Cooking with truffle

Truffles are powerful, yet delicate too. The aroma can be lost, or even the taste destroyed, here are some hints on cooking with them. Generally a plain dish best showcases their unique flavour and aroma. They are a superb flavour enhancer, and with the correct techniques & ingredients, they are capable of 1+1=5 synergy.

Some key factors in releasing these qualities are temperature, oil/butter, and salt.

Too high a temperature will drive off a large amount of the aroma, (though not necessarily the flavour) whereas gentle heat will help release it into the food, where it is captured by any fatty substance like cream, butter, olive oil, meat fats, egg yolk.

Salt helps realise the flavour of truffle, even if you prefer to avoid salt in cooking. People vary in their ability to taste different things. If you find yourself wondering if you've used enough truffle, try a little more salt on a portion of the food, and if it increases the truffle presence significantly, then season the rest of the dish accordingly. Therefore, when using butter in any recipe, please ensure it is salted butter.

Serving Ideas

  • A good demonstration of the above is also a traditional way to conclude a Truffle sale in France. Slices of truffle, on fresh sourdough bread, sprinkled with coarse sea salt.
  • Mashed potato, on first thought one has doubts, but it really does wonders for releasing the flavour and is a great way to share it around the table. Truly a wonderful and simple way to get your truffle dosage. Use cream/butter/olive oil in the mashed potato in your favourite style, stir through finely shaved truffle and allow to sit for 20 minutes or so for the flavour to release, reheat a little and serve. Dont forget enough salt to make it tasty, it helps the truffle, even if you are usually a low salt person. {A Truffled mash potato was our introduction to this culinary delight}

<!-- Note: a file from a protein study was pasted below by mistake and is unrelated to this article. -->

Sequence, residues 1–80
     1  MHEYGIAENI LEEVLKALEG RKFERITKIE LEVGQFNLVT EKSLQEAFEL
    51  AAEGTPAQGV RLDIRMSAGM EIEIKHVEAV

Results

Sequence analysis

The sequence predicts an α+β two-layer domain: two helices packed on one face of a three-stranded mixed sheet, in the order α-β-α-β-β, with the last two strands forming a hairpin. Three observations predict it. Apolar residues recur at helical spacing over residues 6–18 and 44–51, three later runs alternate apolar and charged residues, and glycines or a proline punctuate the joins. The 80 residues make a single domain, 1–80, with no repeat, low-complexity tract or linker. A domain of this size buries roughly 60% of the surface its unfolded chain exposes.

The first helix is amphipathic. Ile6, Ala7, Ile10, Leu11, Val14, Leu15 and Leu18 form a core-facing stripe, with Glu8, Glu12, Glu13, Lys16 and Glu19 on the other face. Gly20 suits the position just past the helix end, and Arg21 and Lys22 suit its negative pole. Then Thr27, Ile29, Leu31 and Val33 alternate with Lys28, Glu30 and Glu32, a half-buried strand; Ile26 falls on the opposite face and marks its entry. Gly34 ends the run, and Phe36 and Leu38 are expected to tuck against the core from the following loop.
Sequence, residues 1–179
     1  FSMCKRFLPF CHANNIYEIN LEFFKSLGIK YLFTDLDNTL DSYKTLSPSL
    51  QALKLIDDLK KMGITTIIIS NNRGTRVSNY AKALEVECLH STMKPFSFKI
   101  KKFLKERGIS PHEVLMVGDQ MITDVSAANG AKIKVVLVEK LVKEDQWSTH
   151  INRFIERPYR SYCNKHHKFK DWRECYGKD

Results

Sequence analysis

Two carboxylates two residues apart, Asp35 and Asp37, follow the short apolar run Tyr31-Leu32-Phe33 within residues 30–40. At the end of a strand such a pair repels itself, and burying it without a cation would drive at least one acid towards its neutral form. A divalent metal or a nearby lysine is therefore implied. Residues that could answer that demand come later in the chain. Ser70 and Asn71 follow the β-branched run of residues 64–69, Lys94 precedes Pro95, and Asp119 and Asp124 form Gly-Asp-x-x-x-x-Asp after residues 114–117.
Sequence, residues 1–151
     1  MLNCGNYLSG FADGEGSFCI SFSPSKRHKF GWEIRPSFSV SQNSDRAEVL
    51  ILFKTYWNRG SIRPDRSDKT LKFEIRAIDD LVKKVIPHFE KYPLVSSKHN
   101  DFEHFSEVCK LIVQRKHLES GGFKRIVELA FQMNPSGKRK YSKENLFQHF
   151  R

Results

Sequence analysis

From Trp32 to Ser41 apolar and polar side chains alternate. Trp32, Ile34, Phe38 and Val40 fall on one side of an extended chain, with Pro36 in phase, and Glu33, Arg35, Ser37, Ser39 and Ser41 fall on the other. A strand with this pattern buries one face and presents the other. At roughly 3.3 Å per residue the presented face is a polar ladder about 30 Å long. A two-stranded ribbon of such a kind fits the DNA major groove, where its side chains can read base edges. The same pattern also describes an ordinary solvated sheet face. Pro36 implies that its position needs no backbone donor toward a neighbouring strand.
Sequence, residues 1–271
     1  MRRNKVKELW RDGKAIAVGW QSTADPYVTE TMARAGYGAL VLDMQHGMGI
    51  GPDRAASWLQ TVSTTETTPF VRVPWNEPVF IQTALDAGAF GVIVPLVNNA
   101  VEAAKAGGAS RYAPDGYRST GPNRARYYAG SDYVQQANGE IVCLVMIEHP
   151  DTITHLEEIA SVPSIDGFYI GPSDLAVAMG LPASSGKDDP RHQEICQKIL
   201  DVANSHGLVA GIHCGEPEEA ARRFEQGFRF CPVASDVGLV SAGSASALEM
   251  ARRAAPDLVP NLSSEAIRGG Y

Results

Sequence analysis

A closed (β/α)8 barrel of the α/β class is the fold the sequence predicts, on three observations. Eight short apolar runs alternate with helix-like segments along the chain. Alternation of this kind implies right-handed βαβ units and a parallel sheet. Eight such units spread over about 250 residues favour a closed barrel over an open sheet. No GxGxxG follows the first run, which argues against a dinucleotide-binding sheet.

• Chef's priviledge, trimmings normally go into the dish, or butter, but a little into a shot of vodka is amazing. (let sit for >20minutes) Alternatively 5-7g into a full bottle overnight, & like all good vodka store for an hour or two in a freezer prior to serving.
  • A simple pumpkin soup with slivers of fresh truffles sliced over the served dish, allow to stand a minute and see the truffle melt on the surface. Quite dramatic when done at the table.
  • Truffle butter. See recipe it is best used within 2-3 days {a week will see you lamenting the loss of good truffle}
  • Truffle oil: It is best to only infuse oil for immediate use. Eg. Make a salad dressing with a touch of balsamic or lemon juice. Great for the first Spring salads. Also use mild olive oils, not "extra virgin" grades, as the extra flavour negates the truffle a little bit.
    Do not attempt to make and store truffle infused olive oil for any length of time. Attempts to do so without sterilising the oil will go rancid, and the aroma would break down in a few weeks anyhow.
    Commercial truffle oils rely entirely on artificial aroma (2,4 dithiapentane, and a few other components) for their overpowering strength. Thus they all seem to smell like garlic and burnt stainless steel. White truffles do have garlic notes to their aroma, but black truffles do not.